It’s customary this time of year for me to provide a “bonus” version of my Chronique du Disque, where I review some acquisitions that failed to make it in one of my monthly instalments. When I do so, I usually don’t provide a “grade” – though, for the suggestions I retained, I would give them high marks for overall impression and good to very good marks for sound quality.
Once Upon the Internet aligns well with my month-long podcast arc “Homage to Hungary”, with a sampling of piano music from one of Hungary’s most notable musicians of the 19th Century, Franz Liszt.
Liszt is born into a musical family; his father Adam Liszt had ties with the musical entourage of Nikolaus II Esterházy. As a teenager, he played cello in the House
Vinyl’s Revenge returns for the second of a two-part series on the String Quartets of Joseph Haydn - last month's considered his six quartets of the opus 20.
Composed in 1790, the string quartets of Opus 64 constitute a second set of six quartets for violinist Johann Tost (the first set of six are the opp. 54 and 55), who had led the second violins of Haydn's orchestra at Esterháza from 1783 until his departure for Paris in 1788. In Paris Tost sold some of Haydn’s compositions,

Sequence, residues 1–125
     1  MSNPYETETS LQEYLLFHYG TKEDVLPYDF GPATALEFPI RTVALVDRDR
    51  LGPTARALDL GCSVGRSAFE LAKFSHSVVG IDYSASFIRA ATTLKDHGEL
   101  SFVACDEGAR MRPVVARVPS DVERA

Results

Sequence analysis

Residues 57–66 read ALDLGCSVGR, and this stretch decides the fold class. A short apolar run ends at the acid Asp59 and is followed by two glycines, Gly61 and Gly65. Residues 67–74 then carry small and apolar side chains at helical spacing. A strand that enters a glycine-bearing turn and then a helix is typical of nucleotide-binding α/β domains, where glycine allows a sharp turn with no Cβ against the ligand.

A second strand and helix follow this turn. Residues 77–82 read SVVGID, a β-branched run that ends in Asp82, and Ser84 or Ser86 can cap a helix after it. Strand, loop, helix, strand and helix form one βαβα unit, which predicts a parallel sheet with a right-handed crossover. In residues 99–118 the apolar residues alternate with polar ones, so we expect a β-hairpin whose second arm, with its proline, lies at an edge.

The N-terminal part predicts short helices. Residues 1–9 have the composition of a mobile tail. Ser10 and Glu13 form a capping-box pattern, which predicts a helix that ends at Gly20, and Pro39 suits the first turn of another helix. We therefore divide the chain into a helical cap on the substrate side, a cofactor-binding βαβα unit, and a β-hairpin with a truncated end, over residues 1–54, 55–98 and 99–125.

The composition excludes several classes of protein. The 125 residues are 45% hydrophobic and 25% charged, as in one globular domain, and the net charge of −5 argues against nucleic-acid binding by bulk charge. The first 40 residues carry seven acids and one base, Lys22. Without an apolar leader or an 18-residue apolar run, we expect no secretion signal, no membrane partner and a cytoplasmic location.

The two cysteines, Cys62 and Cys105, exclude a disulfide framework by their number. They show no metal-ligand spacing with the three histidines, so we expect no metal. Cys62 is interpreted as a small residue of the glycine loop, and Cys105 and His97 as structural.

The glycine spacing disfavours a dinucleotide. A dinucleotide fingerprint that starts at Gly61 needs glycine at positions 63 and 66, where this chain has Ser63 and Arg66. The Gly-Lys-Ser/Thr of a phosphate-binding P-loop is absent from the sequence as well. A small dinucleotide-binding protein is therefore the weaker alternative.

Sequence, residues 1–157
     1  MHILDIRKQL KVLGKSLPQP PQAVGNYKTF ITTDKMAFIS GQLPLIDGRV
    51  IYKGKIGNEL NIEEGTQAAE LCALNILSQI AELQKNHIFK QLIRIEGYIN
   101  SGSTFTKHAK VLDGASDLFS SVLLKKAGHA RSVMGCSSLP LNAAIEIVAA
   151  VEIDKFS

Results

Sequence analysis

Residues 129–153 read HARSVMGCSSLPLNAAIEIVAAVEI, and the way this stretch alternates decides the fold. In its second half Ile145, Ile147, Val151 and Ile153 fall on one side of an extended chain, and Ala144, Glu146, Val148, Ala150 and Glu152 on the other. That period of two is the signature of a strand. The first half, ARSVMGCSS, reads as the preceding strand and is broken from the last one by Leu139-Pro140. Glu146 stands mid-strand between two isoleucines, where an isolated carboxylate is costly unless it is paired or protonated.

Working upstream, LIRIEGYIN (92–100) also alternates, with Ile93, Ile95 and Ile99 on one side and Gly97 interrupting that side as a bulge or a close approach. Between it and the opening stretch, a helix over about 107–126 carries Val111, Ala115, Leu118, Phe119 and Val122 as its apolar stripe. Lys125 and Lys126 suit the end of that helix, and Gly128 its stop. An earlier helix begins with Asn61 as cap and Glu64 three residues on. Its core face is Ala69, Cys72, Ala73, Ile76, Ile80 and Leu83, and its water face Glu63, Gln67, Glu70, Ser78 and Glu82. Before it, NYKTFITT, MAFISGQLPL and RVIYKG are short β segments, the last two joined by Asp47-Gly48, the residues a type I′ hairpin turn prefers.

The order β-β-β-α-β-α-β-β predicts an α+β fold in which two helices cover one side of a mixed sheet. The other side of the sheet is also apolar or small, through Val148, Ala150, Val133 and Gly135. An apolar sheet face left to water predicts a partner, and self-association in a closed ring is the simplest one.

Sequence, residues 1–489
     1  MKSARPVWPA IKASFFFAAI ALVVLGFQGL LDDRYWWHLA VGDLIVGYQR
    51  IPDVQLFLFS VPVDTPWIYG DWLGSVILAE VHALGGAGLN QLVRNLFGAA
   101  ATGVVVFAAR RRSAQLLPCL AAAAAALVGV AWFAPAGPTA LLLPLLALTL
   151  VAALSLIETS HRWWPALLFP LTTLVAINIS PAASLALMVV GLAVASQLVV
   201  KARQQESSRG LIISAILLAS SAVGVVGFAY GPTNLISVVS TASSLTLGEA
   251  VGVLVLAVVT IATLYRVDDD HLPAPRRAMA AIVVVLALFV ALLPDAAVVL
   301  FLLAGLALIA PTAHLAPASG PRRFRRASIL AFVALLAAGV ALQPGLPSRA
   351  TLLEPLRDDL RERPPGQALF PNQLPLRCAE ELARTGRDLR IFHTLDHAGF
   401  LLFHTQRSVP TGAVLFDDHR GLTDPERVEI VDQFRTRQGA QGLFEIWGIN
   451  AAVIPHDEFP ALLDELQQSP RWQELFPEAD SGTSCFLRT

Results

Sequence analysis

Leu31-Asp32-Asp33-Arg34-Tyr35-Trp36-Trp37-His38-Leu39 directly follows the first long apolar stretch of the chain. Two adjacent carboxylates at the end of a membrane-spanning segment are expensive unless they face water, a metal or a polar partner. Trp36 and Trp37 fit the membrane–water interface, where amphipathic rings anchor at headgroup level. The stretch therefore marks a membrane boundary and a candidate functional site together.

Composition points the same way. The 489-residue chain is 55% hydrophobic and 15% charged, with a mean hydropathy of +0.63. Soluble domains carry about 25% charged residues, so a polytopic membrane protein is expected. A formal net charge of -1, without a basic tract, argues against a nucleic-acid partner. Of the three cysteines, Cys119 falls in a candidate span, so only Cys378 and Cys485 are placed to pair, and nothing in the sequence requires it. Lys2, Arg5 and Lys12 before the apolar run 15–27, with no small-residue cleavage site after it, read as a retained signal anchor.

Beethoven: Classicism, Romanticism, Etc.
I have seen multiple threads on subjects related to this, two of them very recent. This is just a few more of my thoughts on the matter.
There intermediary stage between Classicism and Romanticism is often-discussed (but also often ill-defined). Is the question even of great importance? Well, maybe it isn’t, but it certainly has been the subject of much debate and discussion from academics, composers, and laymen alike. From Berlioz
Updated Dec-04-2014 at 03:26 by DiesIraeVIX
Christmas time is upon us and I thought I would use this visit in the Podcast Vault to not only get us in the spirit of the Season, but also to propose some music that is appropriate for young (and young at heart) music lovers.
There are three main ideas that intermingle in this montage: children, children’s tales and (of course) toys. Let’s discuss these themes and my selections in no particular
Updated Dec-02-2014 at 12:16 by itywltmt